The patient underwent biweekly physical therapy for 3 months after surgery and she was followed closely during this time. She successfully regained active flexion and abduction of her left arm to 160° and denied any pain in left shoulder joint 1 month after her arm was removed from the sling. Twelve weeks after surgery she was asymptomatic, had full motion and strength, had drastically improved scapulothoracic symmetry, and was able to return to competitive participation in tae kwan do, soccer and softball. She remained asymptomatic at 6 months and 12 months postoperatively, and will be followed yearly for recurrence with clinical examination. Follow-up with MRI will be reserved should any shoulder pain or mechanical symptoms occur.
SC is a rare monoarticular disorder of poorly understood etiology. It is characterized by the presence of synovial metaplasia and proliferation resulting in the formation of numerous intra-articular cartilaginous loose bodies at various stages of ossification. Milgram and colleagues initially described SC as occurring in three stages: active intrasynovial process prior to the development of loose bodies; transitional phase with active intrasynovial proliferation and intra-articular loose bodies; and multiple chondral or osteochondral loose bodies without active intrasynovial disease. The most widely accepted etiology hypothesis involves metaplasia of the synovial tissue. The rare yet reported malignant transformation of SC to chondrosarcoma supports the possibility that SC may be neoplastic. On histology, the chondrocytes in SC demonstrate atypical cytology and architecture.
Epidemiologically, SC most commonly involves the knee joint and has a decreasing incidence in the hip, elbow, wrist and shoulder. Bloom and Patterson performed a meta-analysis of SC, in which 10 patients of 191 patients had shoulder involvement. SC is most prevalent in the fourth to fifth decades of life. It is widely accepted that men are more frequently affected by SC than women at a ratio between 2:1 and 4:1. Few cases of SC have been described in the pediatric and young adolescent population, which puts this patient outside of the typical demographic.
SC has the potential to involve any joint and patients present with symptoms that vary based on the site of disease. Pain, swelling, and reduced range of motion, are the most common presenting symptoms associated with SC, although crepitus, mechanical clicking and catching, and muscle atrophy have also been associated with the condition. When the symptoms of SC present at the shoulder joint, as in this case, the diagnosis is commonly confused with adhesive capsulitis, necessitating an image-guided diagnosis. Plain radiographs and ultrasonography can be used for visualization of calcified loose bodies and CT helps to demonstrate the precise location of calcified nodules. MRI has the greatest sensitivity for the detection of SC and the capability of ruling out malignant lesions and helping assess any further intra-articular pathology. Definitive diagnosis of SC is made via histologic confirmation of cartilage metaplasia of the synovial membrane of the affected joint.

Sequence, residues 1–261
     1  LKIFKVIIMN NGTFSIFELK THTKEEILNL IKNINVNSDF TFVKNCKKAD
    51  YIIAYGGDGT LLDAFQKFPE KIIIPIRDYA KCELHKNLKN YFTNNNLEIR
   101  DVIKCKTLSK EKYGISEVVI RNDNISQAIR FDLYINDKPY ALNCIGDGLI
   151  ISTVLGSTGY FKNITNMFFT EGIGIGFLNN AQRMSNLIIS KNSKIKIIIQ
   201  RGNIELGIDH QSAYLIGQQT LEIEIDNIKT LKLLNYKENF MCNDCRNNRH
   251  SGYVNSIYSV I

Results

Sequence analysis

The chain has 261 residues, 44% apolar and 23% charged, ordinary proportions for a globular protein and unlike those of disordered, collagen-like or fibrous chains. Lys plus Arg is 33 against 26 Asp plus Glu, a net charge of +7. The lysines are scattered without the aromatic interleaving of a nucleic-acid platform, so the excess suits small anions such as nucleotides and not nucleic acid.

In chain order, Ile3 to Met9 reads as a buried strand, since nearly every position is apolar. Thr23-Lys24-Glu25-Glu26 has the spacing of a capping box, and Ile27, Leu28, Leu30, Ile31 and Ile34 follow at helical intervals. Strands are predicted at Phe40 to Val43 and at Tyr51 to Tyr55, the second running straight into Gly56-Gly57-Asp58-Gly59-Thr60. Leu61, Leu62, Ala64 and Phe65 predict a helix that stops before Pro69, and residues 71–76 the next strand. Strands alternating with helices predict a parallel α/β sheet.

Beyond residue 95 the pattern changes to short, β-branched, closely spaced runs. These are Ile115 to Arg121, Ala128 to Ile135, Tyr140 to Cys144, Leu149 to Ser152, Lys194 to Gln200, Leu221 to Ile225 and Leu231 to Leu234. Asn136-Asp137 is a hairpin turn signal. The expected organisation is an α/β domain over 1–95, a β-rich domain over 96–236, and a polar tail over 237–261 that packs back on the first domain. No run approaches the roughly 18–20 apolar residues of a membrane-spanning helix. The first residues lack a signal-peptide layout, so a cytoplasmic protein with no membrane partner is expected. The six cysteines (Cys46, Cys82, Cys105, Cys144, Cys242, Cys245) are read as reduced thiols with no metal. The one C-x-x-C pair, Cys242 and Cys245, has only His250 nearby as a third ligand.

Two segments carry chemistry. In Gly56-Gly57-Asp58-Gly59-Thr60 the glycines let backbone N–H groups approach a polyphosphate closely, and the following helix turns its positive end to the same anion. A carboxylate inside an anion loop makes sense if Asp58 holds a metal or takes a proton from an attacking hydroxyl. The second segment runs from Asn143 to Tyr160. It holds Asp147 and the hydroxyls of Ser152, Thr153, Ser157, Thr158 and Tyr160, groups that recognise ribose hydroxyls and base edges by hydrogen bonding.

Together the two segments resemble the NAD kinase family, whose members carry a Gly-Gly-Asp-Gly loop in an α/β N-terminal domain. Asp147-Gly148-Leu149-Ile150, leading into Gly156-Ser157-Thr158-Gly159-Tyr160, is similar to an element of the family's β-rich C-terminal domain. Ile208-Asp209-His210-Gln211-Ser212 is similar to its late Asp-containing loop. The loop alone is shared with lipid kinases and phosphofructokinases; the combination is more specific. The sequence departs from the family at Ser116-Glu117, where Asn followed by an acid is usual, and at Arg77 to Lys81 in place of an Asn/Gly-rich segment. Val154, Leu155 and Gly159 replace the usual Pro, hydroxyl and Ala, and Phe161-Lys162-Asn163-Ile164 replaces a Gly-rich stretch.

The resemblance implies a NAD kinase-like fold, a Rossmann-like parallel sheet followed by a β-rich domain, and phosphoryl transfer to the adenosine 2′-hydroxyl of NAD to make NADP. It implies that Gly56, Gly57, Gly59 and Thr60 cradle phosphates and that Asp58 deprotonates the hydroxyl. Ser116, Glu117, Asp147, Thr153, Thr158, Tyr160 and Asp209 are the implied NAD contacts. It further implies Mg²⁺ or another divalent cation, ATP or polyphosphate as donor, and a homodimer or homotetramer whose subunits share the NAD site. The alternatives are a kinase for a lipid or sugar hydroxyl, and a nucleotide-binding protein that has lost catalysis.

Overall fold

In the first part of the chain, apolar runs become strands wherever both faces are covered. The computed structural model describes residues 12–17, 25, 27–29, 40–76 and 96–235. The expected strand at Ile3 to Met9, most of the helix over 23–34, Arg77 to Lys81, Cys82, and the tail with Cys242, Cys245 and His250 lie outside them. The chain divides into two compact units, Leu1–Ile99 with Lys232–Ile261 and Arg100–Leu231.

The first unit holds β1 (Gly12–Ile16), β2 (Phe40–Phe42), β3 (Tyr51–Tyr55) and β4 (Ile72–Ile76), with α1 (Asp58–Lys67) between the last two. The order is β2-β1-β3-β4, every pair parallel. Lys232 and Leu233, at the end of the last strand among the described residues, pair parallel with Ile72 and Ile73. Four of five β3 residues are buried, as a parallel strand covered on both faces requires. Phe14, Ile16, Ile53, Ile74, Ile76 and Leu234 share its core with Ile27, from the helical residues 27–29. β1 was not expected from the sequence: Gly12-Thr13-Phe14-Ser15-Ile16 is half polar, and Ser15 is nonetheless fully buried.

Treatments for extra-articular SC include removal of loose bodies with or without synovectomy. Optimal management of SC at the shoulder is debated, but arthroscopy is commonly performed for intra-articular loose body removal given the low rate of postoperative comorbidity and the short subsequent rehabilitation. Synovectomy is recommended because of an increased rate of recurrence when it is not performed. In this case, we removed the loose bodies and performed subtotal synovectomy in accordance with recommendations in the literature, which indicate the dual treatment modality for active synovitis. Total shoulder synovectomy is reserved for advanced arthritis secondary to SC.
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- For more information:
- Joshua Adjei, BA; Benedict U. Nwachukwu, MD, MBA; and Peter D. Fabricant, MD, MPH, can be reached at Hospital for Special Surgery, Hospital for Special Surgery, 535 East 70th St., New York, NY 10021; Adjei email: email@example.com. Nwachukwu email: firstname.lastname@example.org.
- Edited by Gregory L. Cvetanovich, MD, and Benedict U. Nwachukwu, MD, MBA. Cvetanovich is in the Division of Sports Medicine at Rush University Medical Center. Nwachukwu is an orthopedic surgery chief resident at Hospital for Special Surgery. For information on submitting Orthopedics Today Grand Rounds cases, please email: email@example.com.
Disclosures: Adjei, Fabricant and Nwachukwu report no relevant financial disclosures.